[LINK] Google's WiFi bungle
rchirgwin at ozemail.com.au
Wed May 19 20:39:50 AEST 2010
Craig Sanders wrote:
> [KH has already commented on the terrible misuse of the term
> narrow-casting, and i have nothing useful to add to that so i'll
> comment on other issues]
> On Wed, May 19, 2010 at 05:25:02PM +1000, David Vaile wrote:
>> The law in Australia, as I mentioned, clearly treats WiFi as
>> NARROW-casting, intended for certain specific (intended) users, NOT
>> for everyone. It is thus NOT a 'broadcast' like say a commercial radio
>> station is a 'broadcast', even though they both use electromagnetic
> like any other broadcast, it is "intended" for anyone within reception
"Broadcast" in the meaning of various Acts doesn't mean "transmits a
signal someone else can receive". It has specific meanings associated
with the licensed activities of the operators and their transmitters.
While a WiFi base station "broadcasts" in the sense of "transmits data
which can be received by an unauthorised third party", this does not
make it "any broadcast". Moreover, if I set up a base station for my own
use, it is definitely not "intended for anyone within reception range."
If I leave the base station unsecured, I am foolish, but that doesn't
change my intention that the base station is for my use.
As far as the Broadcasting Act and ACMA regulations are concerned, a
WiFi base station is not a broadcast transmitter.
> given that there are both "open" and "closed" networks operating on
> the same wifi spectra and all interfering with each other to varying
> degrees, it's unreasonable to assume that there's any privacy at all
> when using wifi devices and it's more than unreasonable to criminalise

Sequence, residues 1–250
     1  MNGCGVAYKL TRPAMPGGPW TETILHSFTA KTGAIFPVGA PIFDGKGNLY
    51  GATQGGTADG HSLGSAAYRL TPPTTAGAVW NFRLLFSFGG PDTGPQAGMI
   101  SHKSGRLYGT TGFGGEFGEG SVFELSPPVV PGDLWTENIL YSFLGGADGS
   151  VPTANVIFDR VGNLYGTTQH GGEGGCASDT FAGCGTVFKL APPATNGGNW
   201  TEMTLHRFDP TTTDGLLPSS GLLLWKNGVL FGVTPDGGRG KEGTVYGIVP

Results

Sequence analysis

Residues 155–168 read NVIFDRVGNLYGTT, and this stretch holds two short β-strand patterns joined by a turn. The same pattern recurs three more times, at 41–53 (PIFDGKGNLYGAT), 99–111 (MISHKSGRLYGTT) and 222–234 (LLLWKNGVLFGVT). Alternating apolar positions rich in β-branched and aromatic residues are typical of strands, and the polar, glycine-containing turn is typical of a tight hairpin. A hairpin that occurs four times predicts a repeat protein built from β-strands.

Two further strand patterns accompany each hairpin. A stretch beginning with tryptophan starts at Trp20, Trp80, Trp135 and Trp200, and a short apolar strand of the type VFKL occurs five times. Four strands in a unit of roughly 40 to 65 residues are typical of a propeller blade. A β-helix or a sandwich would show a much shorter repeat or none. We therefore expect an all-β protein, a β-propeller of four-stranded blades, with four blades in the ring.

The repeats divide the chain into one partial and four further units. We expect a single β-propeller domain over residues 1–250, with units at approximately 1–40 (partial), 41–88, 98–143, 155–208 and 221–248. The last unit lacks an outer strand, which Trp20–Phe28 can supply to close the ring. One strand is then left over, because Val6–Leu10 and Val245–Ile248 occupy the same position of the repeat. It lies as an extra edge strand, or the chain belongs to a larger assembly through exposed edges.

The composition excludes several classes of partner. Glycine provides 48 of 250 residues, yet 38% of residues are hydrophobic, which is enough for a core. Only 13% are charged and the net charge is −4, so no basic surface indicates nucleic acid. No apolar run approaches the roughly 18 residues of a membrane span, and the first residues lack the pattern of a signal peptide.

> anyone listening to what is being broadcast.
In other words, "I can receive this, therefore I have the right to
receive it, and I have no obligation to respect the privacy of the base
> wifi is not a point to point
> link (even wifi connections set up for that purpose aren't actually
> point-to-point), it's an omnidirectional broadcast accessible by anyone
> within range.
> criminalising that would make it illegal to even scan for "open" networks
> that you are allowed to use...
Nobody said "criminalise authorised access". Unauthorised access,
however, is already criminalised, which is the main reason Google is
pleading accident. It has nothing to do with what actually happened;
Google is merely trying to minimise its criminal jeopardy, because it's
in a Jesus-load of trouble.
> because it's physically impossible to scan
> for those without ALSO detecting any "closed" networks that are in range.
Nobody said detecting the existence of a network was the same as
sniffing packets traversing the network. One is, as you note, intrinsic
to WiFi. The other is a criminal act. It's really not that hard to tell
the difference between saying "There's a network called Kent Street, but
I want George Street", and logging into George Street; compared, on the
other hand, to saying "Look! Kent Street is unsecured. That means they
must *want* us to sniff their packets".
[snipping for brevity]
>> The equivalent of bouncing an infrared beam off house windows to
>> eavesdrop conversations inside.
> absolutely not!
> passively receiving something that is being broadcast is VERY different
> to actively snooping.
Google *was* actively snooping. Its software sought and captured not
just the SSIDs and MAC addresses, but payload data. Its PRs and legal
counsel claim accident. But that speaks to the intent of the activity,
not its nature.
More information about the Link